I must have been going a million miles an hour, and I probably hit the ramp with at least the force of a locomotive, because when I hit the ground and rolled across the pavement, I felt like I had probably misjudged my stunt, and badly. The ramp my buddy and I made was just a piece of plywood nailed to a couple two-by-fours and my daredevil antics tumbled me over the handlebars of my BMX bike. I laid out on our front grass holding my broken arm for a few minutes before I had the courage to tell my parents what happened. I’m sure they rolled their eyes… boys.
Swayze Crescent: it was the street where I broke my arm and where we ripped out an old tree stump with my mom’s car and a rope. Where we had our block parties and built snow forts. Where we tried to catch a rabbit, unsuccessfully. Where we built science experiments. Where my bike was stolen and where I first talked to a girl I liked. Where we loaded up the canoe one top of our Chrysler Cordoba. It was a street that holds memories because we used it for more than just driving. We lived there. It was our street.
Neighbourhood streets are for people. People make the city. We do not lay pavement and build houses for any other purpose than to have a safe and welcome home for the people who live there. Whether we’re playing street hockey, walking our dog, going for a jog, or sitting on the curb eating ice cream, streets are for you and your neighbours to enjoy. What is a street? A street is for people to go about being themselves.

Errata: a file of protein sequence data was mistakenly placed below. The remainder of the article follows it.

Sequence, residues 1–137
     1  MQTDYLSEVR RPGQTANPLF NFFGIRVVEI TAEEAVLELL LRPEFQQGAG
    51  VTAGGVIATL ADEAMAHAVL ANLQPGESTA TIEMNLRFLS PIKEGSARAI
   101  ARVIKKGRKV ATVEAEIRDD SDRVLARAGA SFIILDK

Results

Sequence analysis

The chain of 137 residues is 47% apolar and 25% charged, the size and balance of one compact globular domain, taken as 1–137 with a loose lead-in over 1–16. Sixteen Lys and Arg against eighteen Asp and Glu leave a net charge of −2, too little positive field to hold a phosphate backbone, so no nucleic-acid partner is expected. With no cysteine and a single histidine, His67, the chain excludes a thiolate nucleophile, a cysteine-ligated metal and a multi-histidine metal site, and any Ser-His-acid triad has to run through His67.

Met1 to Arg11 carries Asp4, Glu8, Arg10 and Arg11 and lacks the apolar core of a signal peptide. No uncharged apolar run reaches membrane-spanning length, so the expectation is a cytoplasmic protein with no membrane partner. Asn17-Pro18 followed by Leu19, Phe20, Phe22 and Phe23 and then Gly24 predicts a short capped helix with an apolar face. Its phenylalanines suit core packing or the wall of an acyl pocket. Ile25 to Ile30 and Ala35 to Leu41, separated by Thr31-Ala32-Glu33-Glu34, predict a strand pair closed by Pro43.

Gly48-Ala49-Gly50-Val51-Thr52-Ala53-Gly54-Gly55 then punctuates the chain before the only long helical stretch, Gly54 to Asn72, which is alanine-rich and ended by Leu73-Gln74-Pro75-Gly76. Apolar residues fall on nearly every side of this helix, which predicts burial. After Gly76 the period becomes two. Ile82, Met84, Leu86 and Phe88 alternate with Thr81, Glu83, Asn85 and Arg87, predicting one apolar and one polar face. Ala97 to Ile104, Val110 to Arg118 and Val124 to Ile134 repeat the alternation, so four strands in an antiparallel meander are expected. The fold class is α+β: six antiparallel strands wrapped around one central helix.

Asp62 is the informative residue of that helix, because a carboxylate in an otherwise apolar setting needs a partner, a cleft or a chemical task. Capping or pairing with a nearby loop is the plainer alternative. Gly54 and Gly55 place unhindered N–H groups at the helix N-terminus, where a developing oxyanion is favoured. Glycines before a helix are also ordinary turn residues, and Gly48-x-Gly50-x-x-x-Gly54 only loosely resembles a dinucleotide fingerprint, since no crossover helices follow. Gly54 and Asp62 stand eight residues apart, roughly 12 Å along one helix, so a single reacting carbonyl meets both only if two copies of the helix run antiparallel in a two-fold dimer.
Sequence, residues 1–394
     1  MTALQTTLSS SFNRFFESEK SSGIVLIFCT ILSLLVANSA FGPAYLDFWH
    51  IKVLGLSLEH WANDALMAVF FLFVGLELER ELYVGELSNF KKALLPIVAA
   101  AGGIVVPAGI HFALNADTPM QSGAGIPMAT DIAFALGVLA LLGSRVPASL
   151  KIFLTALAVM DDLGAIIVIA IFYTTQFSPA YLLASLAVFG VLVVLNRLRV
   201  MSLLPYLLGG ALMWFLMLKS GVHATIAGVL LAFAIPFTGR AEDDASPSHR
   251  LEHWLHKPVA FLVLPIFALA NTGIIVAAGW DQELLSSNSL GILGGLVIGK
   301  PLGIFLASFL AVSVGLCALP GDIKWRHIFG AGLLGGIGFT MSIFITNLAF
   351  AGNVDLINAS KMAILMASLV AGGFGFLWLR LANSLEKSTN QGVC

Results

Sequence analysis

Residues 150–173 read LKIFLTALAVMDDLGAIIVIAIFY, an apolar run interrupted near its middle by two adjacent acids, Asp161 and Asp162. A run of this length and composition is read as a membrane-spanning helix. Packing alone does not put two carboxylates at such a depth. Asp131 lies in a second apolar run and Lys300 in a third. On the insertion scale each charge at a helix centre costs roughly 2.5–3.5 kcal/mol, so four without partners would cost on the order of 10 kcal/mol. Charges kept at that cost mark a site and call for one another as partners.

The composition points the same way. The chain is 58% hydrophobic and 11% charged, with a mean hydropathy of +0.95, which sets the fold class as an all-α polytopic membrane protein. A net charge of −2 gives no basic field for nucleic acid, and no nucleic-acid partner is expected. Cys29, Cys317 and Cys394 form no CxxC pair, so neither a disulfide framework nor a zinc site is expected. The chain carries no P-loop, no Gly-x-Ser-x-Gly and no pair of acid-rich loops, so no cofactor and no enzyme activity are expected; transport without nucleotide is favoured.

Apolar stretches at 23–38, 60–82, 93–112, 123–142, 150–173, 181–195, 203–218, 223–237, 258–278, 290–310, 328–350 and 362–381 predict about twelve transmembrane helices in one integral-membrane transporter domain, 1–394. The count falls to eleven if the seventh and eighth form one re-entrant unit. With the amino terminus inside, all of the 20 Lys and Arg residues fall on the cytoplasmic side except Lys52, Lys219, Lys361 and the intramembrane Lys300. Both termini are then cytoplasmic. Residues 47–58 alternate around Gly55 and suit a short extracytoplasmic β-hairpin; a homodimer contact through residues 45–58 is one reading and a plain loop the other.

Fred Kent, writing for the Project for Public Spaces, said, “If you plan cities for cars and traffic, you get cars and traffic. If you plan for people and places, you get people and places.” Today many cities develop their infrastructure and roads by giving priority to cars, and not to people. A 2012 study from the University of Illinois found, “people living in low-income communities are less likely to encounter sidewalks,” and some communities do not have sidewalks or connected pathway systems. When we lose sight of why we build cities, streets, and neighbourhoods, we may end up creating communities without the important elements that people require, in order to walk, meet, and connect. Jane Jacobs wrote that “cities have the capability of providing something for everybody, only because, and only when, they are created by everybody.” When we believe that streets are only for cars, we forget that everything about our city was, first and foremost, made for people.
In the Covid-19 era, we are learning that our streets are more important than ever. Streets are a conduit for people to enjoy their lives and build community together. We decide to own and use our streets for the good of those who live there, it is a choice we make.
Next time you walk through your neighbourhood, ask yourself, “What is my street for? What is it being used for, and by whom?” It might be the open door we need to enjoy and experience our city anew.